A guest post by Manuela, 55, married, one adult daughter, employed, from Duisburg, Germany:
I got through the first lockdown quite well. I quickly found myself working from home and found the 90-minute daily time gain to be a plus in quality of life. My husband also worked from home. We spent the breaks together on the terrace with coffee and sun, which was otherwise only possible at the weekends.
My mother lives in a nursing home near us. She suffers from progressive dementia. Her room has a balcony facing the entrance and so I could visit her every day, stand under the balcony and talk to her. It is extremely important for people with dementia to see familiar people regularly and especially to talk to them regularly. My mother seemed to cope quite well with this arrangement, so I was grateful for this opportunity for interaction.
The second lockdown is significantly worse than the first. I worry most about my mother.
The second lockdown is clearly worse than the first. Because of the cold temperatures, I can meet my mother less under the balcony. When I went by once, she came out at noon in her nightgown looking quite confused. A call to the ward revealed that nursing staff had called in sick and the residents had been ordered a “bed day”. I was very worried about my mother from then on, because I couldn’t see her and she often doesn’t answer the phone. She probably doesn’t even realise that the phone is ringing for her.
On New Year’s Eve, I was able to visit my mother again after three weeks of quarantine. There were Corona cases on two wards and none of the residents were allowed visitors. Since Christmas there are now FFP2 masks. It totally baffles me that between Lockdown 1 and Lockdown 2 no one realised a concept to protect the elderly. Most Corona deaths come from care home environments, which is terrible. I am a very committed relative who calls the home a lot, writes emails, also to politicians, but what do the old people do who are alone? I can’t even think about it.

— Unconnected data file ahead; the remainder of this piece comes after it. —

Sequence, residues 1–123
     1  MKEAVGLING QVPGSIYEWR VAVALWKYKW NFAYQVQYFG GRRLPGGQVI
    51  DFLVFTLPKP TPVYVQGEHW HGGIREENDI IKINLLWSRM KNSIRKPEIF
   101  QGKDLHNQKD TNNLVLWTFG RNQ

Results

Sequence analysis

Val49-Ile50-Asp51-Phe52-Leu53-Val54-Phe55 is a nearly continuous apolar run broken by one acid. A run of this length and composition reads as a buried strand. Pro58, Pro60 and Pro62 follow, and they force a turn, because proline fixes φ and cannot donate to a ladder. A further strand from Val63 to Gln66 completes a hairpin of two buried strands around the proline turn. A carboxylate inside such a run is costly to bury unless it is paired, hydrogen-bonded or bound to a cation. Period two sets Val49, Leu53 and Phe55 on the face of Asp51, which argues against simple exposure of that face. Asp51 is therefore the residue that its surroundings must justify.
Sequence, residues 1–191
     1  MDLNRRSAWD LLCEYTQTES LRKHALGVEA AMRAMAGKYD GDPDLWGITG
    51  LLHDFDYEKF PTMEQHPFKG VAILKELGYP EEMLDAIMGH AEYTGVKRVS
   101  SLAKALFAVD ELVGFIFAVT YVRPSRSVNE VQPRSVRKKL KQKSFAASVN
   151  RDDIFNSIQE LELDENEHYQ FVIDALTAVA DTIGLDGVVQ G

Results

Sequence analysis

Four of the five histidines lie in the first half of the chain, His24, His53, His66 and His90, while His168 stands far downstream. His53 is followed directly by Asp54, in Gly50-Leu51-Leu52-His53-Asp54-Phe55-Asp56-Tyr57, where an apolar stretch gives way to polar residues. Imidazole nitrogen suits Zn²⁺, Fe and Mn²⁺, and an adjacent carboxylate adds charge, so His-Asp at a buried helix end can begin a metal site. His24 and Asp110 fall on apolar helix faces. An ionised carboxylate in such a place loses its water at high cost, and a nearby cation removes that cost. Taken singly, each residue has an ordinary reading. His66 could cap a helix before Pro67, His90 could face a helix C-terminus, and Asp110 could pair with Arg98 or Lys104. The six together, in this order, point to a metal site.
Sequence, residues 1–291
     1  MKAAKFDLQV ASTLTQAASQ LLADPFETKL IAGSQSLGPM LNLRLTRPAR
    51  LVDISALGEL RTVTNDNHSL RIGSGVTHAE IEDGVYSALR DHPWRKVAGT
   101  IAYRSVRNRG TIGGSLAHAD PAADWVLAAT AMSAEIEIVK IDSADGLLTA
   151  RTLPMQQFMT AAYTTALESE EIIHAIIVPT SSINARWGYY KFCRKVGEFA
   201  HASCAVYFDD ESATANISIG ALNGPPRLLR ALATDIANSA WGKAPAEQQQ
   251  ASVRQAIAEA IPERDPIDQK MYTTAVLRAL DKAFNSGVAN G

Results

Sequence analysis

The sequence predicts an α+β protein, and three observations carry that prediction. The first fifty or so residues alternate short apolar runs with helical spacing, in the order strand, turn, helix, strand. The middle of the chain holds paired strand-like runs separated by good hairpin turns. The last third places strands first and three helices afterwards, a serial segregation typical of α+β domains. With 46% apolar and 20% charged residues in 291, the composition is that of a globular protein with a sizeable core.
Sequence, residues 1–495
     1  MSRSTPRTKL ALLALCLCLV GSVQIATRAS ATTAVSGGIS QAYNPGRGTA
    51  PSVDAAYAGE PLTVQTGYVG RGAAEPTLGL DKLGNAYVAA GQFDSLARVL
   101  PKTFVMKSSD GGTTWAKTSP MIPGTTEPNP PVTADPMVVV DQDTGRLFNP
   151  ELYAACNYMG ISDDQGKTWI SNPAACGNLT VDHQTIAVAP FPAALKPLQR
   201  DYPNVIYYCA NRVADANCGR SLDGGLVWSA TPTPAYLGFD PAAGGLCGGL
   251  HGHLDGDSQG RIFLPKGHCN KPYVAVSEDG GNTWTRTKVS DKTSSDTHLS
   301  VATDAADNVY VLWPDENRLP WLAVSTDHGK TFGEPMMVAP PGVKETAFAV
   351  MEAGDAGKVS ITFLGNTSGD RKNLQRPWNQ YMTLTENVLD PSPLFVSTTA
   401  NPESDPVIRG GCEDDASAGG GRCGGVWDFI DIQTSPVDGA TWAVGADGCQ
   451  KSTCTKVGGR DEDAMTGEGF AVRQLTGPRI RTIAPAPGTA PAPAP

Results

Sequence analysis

I was already worried in the spring about the hardening of the “Corona deniers” and the “sleep sheep”, although I must honestly say that in my environment people are quite reflective and express criticism with consideration. I also believe that democracy means putting up with other opinions and – optimally – discussing them and NOT becoming abusive. Increasingly, this seems to be impossible. In the spring I perceived it differently.
I compensate for the closure of the gyms with a mini exercise bike and a gym mat for sit-ups. That’s ok. I miss my friends, almost all of whom live in Berlin and whom I used to visit several times a year. Sure, we talk on the phone, but that can’t replace a face-to-face conversation.
My husband, my daughter and I have crisis-proof jobs. We are grateful for that. The debts that are being built up will be paid for later by my grandchildren, who are yet to be born, I fear. I feel sorry for the people whose livelihood is threatened and who get sick because of it. So far, they don’t appear in any statistics.
Note: The measures justified by Covid-19 have led to us being locked up at home. Fears are increasing, aggression too. So that the “lockdown” does not also lock up souls, exchange is important. In this blog, people write what is currently moving them.
If you feel inspired to share your feelings and experiences, just write a message to email@example.com, subject: Unlock.